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UPDATE BT Explain Unusual Broadband Speed Estimates on UK FTTC Lines

Monday, Oct 21st, 2013 (1:12 am) - Score 11,342

An interesting question popped up during BTWholesale’s last Customer Service Forum, which occurred after an ISP raised concerns that BT’s estimate for speeds on its ‘up to’ 80Mbps capable Fibre-to-the-Cabinet (FTTC) broadband lines were changing after a period of time. This made it difficult for them to determine whether particular users had a speed fault.

The performance of FTTC broadband lines on BT’s network will always vary a little due to the “last mile” style run of copper cable between street cabinets and premises, which is prone to interference (e.g. signal degradation over distance). On top of that they can also be affected by network congestion and Traffic Management measures among other things. But once your speed has settled it shouldn’t vary too aggressively, although you do have to keep an eye on it in order to establish the typical trend for your line.

Never the less ISPreview.co.uk has heard various reports over the past few months about more unusual behaviour and a question posed at the recent BTWholesale Forum by PlusNet’s resident fault analyst, Ian Boydon, appeared to touch on a number of similar areas.

Ian Boydon, PlusNets Fault Analyst, said:

We have noticed recently that the BT estimate for Fibre speeds on lines is changing after a period of time. I am assuming that this is due to contention, as more connections are added at the cabinets? The problem is, it makes it difficult for us to determine whether or not a customer has a speed issue or not.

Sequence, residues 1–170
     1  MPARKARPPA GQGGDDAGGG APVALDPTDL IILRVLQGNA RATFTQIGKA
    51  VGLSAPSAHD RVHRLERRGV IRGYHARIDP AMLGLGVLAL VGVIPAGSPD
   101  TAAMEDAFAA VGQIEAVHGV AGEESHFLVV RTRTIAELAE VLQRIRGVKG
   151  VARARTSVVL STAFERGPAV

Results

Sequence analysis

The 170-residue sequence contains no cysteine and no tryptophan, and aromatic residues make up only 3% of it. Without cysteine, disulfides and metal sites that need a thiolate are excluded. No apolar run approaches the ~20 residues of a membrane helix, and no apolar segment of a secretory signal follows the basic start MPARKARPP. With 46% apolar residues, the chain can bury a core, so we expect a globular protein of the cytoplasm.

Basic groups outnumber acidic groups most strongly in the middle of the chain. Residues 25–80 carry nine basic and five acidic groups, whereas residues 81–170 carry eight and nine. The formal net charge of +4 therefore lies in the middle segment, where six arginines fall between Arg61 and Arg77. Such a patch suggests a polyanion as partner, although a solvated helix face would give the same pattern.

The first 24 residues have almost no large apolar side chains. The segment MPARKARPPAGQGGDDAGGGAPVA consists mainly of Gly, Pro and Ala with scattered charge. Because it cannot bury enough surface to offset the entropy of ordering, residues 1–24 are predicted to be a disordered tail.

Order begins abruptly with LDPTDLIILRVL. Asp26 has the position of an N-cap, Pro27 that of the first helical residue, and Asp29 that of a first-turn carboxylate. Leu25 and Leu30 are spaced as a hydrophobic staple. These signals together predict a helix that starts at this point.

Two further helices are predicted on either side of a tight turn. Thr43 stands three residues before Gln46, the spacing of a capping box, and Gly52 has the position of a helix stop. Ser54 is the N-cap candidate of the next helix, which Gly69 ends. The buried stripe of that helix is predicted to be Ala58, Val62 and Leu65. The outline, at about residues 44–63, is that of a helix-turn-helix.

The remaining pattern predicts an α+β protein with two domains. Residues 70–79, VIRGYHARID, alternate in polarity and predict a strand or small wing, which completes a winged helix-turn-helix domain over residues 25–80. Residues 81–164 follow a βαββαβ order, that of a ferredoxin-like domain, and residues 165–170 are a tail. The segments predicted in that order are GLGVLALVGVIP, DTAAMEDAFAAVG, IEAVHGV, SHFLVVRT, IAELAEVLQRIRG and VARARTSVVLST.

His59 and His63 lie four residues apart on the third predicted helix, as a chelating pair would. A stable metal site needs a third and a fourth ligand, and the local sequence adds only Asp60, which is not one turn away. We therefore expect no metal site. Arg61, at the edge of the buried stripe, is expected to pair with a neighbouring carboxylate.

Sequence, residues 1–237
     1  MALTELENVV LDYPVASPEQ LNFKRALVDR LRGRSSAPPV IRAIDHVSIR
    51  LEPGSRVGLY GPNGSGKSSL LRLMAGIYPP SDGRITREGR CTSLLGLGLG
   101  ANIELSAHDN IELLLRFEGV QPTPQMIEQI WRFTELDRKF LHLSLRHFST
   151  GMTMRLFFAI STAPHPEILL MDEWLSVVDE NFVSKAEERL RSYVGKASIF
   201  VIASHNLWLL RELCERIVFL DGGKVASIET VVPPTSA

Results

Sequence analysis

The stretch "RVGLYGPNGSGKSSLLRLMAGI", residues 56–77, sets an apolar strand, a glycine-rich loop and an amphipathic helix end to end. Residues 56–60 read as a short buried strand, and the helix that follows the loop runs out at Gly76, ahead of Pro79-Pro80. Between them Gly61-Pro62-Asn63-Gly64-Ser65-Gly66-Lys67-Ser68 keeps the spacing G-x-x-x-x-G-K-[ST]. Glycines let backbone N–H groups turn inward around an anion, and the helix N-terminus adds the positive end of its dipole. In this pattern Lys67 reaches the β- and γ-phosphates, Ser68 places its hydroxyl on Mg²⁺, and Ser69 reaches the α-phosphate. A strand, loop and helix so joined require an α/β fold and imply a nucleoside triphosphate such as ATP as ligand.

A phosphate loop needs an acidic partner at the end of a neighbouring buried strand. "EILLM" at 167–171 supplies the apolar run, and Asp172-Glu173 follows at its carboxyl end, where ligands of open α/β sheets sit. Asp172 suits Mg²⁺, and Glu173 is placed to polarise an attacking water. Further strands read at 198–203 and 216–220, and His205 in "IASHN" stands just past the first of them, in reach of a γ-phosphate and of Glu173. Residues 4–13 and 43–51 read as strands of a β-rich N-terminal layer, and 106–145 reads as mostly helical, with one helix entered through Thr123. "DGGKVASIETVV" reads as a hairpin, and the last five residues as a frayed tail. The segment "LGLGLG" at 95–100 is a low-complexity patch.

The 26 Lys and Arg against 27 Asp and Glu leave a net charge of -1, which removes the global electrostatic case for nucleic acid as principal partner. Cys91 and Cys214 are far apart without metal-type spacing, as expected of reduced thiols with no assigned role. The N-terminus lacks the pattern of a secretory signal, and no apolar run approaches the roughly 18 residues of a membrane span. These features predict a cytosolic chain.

We have seen examples recently where a customer has raised a speed fault with us and after a week or so of investigation, the BT estimate has been reduced and we then have to tell the customer there is no problem as their speed is within range of the new estimate. As you can imagine, this causes a lot of dissatisfaction with our customers.”

BTWholesale’s response was unsurprising and rather general with the operator referencing how “Line Length, Line Quality and Cable Fill can affect the estimates given by the speed checker“, which is all well known. But interestingly they also stated that “Speed estimates assume an average local line length of 50 metres, however this is an average and local line length can sometimes be up to 1km“.

ISPreview.co.uk has heard of lines from the cabinet that can run beyond 1km and thus requested further clarification from BT, not least with regards to precisely what this covered and whether it would be possible to know what the MEDIAN distance is. Fifty metres is quite a short run and if this is being assumed as an “average” for all FTTC speed estimates then those on longer lines might be getting a more optimistic prediction than could be deemed realistic.

In the pursuit of additional information we contacted Thinkbroadband, which collects a wealth of real-world speed test and line data, to see how BT’s connection speed estimates might compare against predicted FTTC line lengths using actual real-world speeds. TB estimates that 90% of the UK cabinet-to-premise line lengths are under 1km (i.e. 10% should be above) and, using test data from BTInfinity customers, they suggested an average (mean) length of 450m, with a median of 550m.

So far we’ve been unable to gain a clarification from BT concerning their response to PlusNet.

UPDATE 10:23am

An additional couple of points have been made to us that are worth mentioning. Firstly, TB has seen some users with lines that stretch up to 2km from the cabinet. Secondly, a longer term problem for FTTC is that speeds may drop as crosstalk (interference) begins to have an impact (TB suggest this could drop performance up to 10-20%); this is of course one reason why BTOpenreach are currently testing Vectoring technology as a possible solution for the future (here).

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By Mark Jackson
Mark is a professional technology writer, IT consultant and computer engineer from Dorset (England), he also founded ISPreview in 1999 and enjoys analysing the latest telecoms and broadband developments. Find me on X (Twitter), Mastodon, Facebook and .
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